Polina, a naggingly wispy footnote to our understanding of dance on film, sees directors Valérie Müller and Angelin Preljocaj describing a young ballerina's trajectory from Russia to Paris, no more, no less. We first join Polina as a youngster (Veronika Zhovnytska) emerging from the kind of gloomy Soviet-era housing block Matt Damon found Lukas Moodyson's Lilja in at the end of The Bourne Supremacy - a location made no less gloomy with the revelation that this block backs onto a row of smoke-belching power plants. As a teen (played, from here on out, by Anastasia Shevtsova), she clashes with her glowering tutor (Aleksei Guskov) and enters the Bolshoi; thereafter, she strikes out for France, where she ends up under the tutelage of Juliette Binoche in a nice F.C. Barcelona hoodie. You expect her to suffer some career setback - perhaps the loan sharks from whom her folks borrowed her tuition fees will threaten the integrity of her ankles? - but it never arrives: our girl just keeps stretching and twirling, and your response will either be "good for her" or "where's the movie?".
The lack of narrative development is a side effect of Müller and Preljocaj's decision to prioritise movement - in the studio, across a continent - above all else. This need not necessarily have been a limitation: in places, Polina reminded me of Mia Hansen-Løve's Eden, which similarly tagged along in the wake of a creatively minded dreamer in search of a place for themselves. At just an hour and forty to that film's two-plus hours, though, crucial character detail is lost en route, and since the focus is on non-glamorous reality - the minor stumbles, the failed auditions and hook-ups, the menial labour that supports one's endeavours - you'll need far more interest in the repetitive slog of barre work (and, indeed, bar work) than this viewer could summon. It's been thoughtfully shot, granted. When our heroine mounts a hunky French contemporary in a dressing room, she does so against a backdrop of celestial white tutus that gives the impression the lovers have ascended to heaven, and matters conclude with a lavish production number you suspect may have been the raison d'être for the movie entire. Still, there was rather more drama for would-be Misty Copelands to engage with in Ballerina, the 2016 animation with a Carly Rae Jepsen theme song.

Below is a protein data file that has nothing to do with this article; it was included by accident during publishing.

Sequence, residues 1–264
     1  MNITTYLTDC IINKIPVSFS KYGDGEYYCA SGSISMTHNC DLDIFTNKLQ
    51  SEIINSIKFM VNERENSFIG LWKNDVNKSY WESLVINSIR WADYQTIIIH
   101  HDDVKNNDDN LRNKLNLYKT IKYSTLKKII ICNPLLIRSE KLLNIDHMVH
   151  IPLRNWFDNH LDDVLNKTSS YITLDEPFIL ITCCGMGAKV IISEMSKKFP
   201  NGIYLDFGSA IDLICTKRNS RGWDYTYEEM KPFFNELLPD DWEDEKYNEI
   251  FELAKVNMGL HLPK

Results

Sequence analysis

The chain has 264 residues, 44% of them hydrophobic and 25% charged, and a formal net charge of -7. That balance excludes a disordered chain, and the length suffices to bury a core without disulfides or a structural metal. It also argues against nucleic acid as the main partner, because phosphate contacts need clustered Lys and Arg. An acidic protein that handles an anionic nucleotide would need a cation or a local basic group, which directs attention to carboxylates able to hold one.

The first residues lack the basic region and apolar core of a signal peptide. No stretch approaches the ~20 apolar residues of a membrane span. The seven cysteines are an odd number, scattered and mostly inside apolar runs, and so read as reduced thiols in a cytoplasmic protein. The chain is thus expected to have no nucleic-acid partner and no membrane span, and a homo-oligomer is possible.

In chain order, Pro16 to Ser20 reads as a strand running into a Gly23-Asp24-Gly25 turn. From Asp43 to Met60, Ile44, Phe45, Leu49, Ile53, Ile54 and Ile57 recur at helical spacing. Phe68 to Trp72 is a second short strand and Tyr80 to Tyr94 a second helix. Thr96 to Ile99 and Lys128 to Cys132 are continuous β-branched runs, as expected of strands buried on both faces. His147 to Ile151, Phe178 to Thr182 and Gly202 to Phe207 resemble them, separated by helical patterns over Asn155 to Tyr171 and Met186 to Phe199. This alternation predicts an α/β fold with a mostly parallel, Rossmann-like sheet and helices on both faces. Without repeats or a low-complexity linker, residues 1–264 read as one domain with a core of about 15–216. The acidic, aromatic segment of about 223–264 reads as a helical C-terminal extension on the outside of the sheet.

Polina is now playing in selected cinemas.